R. v. VANDER LEEUW, 2021 ABCA 61, FEBRUARY 17, 2021.
FACTS: The accused was convicted of “arranging” to commit a sexual offence against a child, contrary to section 172.2 of the Criminal Code. At his trial, the Crown led evidence of conversations the accused had with an undercover police officer (Shannon) and excerpts from his phone in which he had conversations with AS and NR concerning sexual activity with their children.
The accused testified that “he had no intention of committing an offence against a child, as he was actually investigating crimes against children on the Internet. Any agreement or arrangement he ostensibly made to commit an offence through the text messages was to detect and investigate criminal offences, not to commit them. Because his purpose was crime investigation, he did not have the necessary intention to commit the offences alleged” (see paragraph 7).
The accused appealed from conviction, arguing that the trial judge erred in considering his pre-charge silence and in interpreting section 172.2.
HELD: The appeal was dismissed.
Use of the Accused’s Silence:
In convicting the accused, the trial judge stated:
…no evidence showed that, on arrest (i.e. when he first came into contact with police), he alerted them (or anyone) to the trove of potentially useful information on his phone i.e. that might assist in investigations of (other) suspected abusers.
The Alberta Court of Appeal noted that the Crown conceded “that in this analysis ‘the trial judge went too far’. First of all, while the appellant gave a statement to the police upon arrest, it was not introduced in evidence; at a factual level, the trial judge had no basis for deciding that the appellant had not disclosed what was on his phone. Secondly, as a matter of law it is an error to draw an inference from the silence of an accused on arrest. An accused has a right to remain silent, and on arrest is to be advised of that right; drawing an adverse inference from silence turns the right into a trap” (at paragraph 16)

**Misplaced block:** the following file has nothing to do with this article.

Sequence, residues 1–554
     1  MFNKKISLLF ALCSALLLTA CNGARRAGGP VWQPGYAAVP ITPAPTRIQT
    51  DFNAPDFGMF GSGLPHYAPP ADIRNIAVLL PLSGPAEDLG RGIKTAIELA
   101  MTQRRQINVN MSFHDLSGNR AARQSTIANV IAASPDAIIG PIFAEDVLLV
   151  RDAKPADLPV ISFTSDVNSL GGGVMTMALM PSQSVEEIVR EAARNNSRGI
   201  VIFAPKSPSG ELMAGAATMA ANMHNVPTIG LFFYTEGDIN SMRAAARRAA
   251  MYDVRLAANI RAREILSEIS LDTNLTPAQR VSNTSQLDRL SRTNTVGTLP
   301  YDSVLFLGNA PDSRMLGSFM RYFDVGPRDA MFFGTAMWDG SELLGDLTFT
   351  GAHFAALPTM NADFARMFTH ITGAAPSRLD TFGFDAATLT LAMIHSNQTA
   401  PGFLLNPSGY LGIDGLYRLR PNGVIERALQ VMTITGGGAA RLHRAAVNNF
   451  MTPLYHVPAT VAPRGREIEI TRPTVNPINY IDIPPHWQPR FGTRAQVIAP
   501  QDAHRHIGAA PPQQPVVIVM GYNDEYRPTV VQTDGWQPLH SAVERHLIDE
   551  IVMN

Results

The Court of Appeal indicated that there “are a few exceptions to the rule that an inference cannot be drawn from the accused’s silence, such as when the defence is ‘alibi’, and where the silence has real relevance and a proper basis for its admission: R. v Turcotte, 2005 SCC 50 at paras. 47-50,  2 SCR 519. In this case, the failure of the appellant to report the results of his investigation to the police was relevant to the reality of the defence of ‘crime investigation’. Prior to his arrest, the appellant never reported to the police what he had discovered about the Shannon persona, A.S. and N.R. The “crime investigation” defence is not, however, a general exception (like alibi) to the rule that an adverse inference should not be drawn from the silence of an accused on arrest” (at paragraph 17).
The Alberta Court of Appeal concluded that “there was probative value in the appellant’s failure to report the activities of the Shannon persona, A.S. and N.R.” (at paragraphs 21 and 22):
As noted, there was probative value in the appellant’s failure to report the activities of the Shannon persona, A.S. and N.R., because that was inconsistent with the “criminal investigation” defence. Further, if potentially “ruining the lives of people I might report” precluded that reporting, there was no apparent purpose for the investigation. While the added comment about common knowledge appears to be a generalization, in the sense that it was made by the trial judge in the absence of actual evidence about the appellant’s knowledge of the law, there is no indication the trial judge’s negative credibility assessment was overly influenced by this one reason for disbelieving the appellant.
In summary, the appellant has not demonstrated any reviewable error in the trial judge’s fact findings, apart from the inference drawn from his silence on arrest. The failure of the appellant to report the activities of the Shannon persona, A.S. and N.R. to the police had probative value, because it was inconsistent with the appellant’s stated purpose of crime investigation.
The Elements of the Offence:
Section 172.2 states as follows: